The European Court of Human Rights (ECHR) have issued rulings in recent weeks finding that Romania and Ukraine violated the European Convention on Human Rights by failing to provide any form of legal recognition and protection for same-sex couples.
In both cases, same-sex couples living in these countries attempted to marry but their attempts were rejected by local officials, leading to unsatisfactory efforts to get local courts to rule against the governments.
The governments invoked public opposition to marriage equality and argued that same-sex couples could enter into contracts that would deal with some of the issues they were raising. Both governments asserted that the issue of civil unions for same-sex partners was being studied and had reached various stages of serious consideration, but in neither country was affirmative legislative action imminent.
The governments argued that under the concept of “margin of appreciation” recognized under European Convention case law, they should not be compelled to provide marriages or civil unions for same-sex couples affording the same rights enjoyed by married different-sex couples.
The ECHR ruled two articles of the European Convention are brought into play by these cases, Articles 8 and 14.
Article 8: "Everyone has the right to respect for his private and family life, his home and his correspondence. There shall be no interference by a public authority with the exercise of this right except such as is in accordance with the law and is necessary in a democratic society in the interests of national security, public safety or the economic well-being of the country, for the prevention of disorder or crime, for the protection of health or morals, or for the protection of the rights and freedoms of others.”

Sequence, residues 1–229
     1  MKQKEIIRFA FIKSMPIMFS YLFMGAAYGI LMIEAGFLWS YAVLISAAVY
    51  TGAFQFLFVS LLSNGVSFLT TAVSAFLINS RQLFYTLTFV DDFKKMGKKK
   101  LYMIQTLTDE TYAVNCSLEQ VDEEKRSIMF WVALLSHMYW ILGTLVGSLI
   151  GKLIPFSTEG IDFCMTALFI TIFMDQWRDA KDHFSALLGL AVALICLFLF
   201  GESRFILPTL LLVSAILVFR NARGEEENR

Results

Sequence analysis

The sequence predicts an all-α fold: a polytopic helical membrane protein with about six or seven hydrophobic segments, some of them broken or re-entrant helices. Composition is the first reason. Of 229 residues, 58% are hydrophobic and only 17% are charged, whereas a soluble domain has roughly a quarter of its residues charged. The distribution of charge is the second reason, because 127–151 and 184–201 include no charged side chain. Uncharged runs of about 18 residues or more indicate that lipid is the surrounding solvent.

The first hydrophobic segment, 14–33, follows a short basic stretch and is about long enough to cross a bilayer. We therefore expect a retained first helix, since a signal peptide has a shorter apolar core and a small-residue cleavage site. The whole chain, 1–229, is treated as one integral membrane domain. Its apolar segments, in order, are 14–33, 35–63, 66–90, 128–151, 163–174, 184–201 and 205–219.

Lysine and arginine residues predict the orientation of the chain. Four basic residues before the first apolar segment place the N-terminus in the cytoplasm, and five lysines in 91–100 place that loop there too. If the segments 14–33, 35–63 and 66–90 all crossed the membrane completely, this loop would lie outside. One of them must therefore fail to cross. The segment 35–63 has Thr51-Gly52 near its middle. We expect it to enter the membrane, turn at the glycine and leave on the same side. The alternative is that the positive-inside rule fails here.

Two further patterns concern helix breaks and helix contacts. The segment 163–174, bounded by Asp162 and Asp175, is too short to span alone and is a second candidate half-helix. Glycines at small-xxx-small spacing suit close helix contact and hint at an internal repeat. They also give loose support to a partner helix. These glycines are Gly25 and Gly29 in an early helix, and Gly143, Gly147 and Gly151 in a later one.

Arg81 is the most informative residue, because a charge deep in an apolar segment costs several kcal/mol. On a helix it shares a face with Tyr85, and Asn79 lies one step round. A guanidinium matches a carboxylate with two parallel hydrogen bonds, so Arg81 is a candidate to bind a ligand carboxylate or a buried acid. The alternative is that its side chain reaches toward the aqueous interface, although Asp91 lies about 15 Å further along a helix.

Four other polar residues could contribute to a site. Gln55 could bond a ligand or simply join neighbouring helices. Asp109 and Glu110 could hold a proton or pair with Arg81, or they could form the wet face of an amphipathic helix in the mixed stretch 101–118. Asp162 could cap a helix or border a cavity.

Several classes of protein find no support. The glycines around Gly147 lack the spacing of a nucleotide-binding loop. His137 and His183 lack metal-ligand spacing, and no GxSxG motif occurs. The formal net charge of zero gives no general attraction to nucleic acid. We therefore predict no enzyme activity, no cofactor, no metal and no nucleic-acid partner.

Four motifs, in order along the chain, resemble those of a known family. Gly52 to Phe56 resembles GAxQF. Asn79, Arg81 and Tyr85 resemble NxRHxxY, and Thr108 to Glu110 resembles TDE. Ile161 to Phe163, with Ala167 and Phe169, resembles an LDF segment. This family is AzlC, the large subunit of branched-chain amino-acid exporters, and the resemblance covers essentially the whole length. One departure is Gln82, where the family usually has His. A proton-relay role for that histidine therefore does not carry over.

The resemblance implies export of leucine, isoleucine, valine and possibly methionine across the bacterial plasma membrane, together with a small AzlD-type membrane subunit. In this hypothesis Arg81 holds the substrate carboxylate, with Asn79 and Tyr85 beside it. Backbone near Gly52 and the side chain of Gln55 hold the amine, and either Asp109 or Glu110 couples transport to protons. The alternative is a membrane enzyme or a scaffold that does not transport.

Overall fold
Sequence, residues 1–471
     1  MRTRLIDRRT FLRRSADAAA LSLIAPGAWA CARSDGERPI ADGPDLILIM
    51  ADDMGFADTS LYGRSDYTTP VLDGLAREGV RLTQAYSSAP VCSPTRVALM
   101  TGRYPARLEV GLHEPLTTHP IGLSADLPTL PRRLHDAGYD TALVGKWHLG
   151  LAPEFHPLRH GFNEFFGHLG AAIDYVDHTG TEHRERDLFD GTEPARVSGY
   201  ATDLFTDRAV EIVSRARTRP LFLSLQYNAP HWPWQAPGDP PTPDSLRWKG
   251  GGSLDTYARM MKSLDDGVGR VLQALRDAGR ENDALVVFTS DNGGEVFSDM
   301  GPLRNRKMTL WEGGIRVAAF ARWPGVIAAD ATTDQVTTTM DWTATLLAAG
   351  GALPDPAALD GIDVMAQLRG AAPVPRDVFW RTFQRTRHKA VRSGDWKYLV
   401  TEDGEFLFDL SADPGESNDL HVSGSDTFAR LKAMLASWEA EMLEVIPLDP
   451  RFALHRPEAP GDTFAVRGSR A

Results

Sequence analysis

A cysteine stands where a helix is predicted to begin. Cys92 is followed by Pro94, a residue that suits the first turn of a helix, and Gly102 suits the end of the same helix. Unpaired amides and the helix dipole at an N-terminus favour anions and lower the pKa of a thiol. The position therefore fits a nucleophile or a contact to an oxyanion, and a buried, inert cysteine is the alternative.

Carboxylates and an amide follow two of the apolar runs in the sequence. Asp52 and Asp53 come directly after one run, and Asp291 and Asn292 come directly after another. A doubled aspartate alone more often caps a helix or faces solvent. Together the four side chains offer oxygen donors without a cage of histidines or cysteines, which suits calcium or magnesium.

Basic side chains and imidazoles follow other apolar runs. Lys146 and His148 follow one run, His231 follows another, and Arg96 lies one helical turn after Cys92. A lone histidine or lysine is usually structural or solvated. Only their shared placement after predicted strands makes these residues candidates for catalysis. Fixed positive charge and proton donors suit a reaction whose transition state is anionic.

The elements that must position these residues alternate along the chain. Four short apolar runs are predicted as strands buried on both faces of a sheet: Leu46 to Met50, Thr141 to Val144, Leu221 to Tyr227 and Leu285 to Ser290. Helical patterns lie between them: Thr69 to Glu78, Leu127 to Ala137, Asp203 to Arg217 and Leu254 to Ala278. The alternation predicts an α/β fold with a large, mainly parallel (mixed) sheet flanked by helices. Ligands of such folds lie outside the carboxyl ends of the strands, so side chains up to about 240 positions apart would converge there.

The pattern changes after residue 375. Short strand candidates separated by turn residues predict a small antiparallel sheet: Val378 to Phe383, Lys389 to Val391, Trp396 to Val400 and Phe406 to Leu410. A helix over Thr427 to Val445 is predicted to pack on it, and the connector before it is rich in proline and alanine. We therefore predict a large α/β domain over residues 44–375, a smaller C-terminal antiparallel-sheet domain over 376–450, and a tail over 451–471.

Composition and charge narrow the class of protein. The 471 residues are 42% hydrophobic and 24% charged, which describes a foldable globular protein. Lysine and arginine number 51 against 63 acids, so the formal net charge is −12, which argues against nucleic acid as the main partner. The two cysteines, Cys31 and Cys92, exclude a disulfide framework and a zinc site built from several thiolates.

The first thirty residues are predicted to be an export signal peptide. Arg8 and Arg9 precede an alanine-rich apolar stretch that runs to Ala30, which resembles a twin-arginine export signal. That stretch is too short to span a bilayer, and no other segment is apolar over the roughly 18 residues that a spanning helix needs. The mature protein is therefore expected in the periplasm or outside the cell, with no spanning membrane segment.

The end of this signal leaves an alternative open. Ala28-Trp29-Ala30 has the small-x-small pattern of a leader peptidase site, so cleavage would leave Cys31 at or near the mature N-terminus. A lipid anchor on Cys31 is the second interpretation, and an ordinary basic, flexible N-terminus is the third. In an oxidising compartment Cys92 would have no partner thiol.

Article 14: "The enjoyment of the rights and freedoms set forth in the Convention shall be secured without discrimination on any ground such as sex, race, colour, language, religion, political or other opinion, national or social origin, association with a national minority, property, birth, or other status.”
The European Court concludes that Articles 8 and 14, either individually or considered in conjunction with each other, require states that are parties to the convention to open up the right to marry to same-sex couples.
ILGA-Europe recently produced the Rainbow Map and Index since 2009, using it to illustrate the legal and policy situation of LGBTI people in Europe. The Rainbow Map and Index ranks 49 European countries on their respective legal and policy practices for LGBTI people, from 0-100%.
It's time Romania and Ukraine!!!